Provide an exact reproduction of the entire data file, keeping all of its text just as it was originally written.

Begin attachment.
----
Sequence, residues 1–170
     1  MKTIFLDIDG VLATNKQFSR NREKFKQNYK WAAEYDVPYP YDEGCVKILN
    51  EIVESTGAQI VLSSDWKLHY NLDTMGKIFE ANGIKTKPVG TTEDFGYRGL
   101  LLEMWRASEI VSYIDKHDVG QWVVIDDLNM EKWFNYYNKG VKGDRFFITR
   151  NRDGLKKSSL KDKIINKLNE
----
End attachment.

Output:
Sequence, residues 1–170
     1  MKTIFLDIDG VLATNKQFSR NREKFKQNYK WAAEYDVPYP YDEGCVKILN
    51  EIVESTGAQI VLSSDWKLHY NLDTMGKIFE ANGIKTKPVG TTEDFGYRGL
   101  LLEMWRASEI VSYIDKHDVG QWVVIDDLNM EKWFNYYNKG VKGDRFFITR
   151  NRDGLKKSSL KDKIINKLNE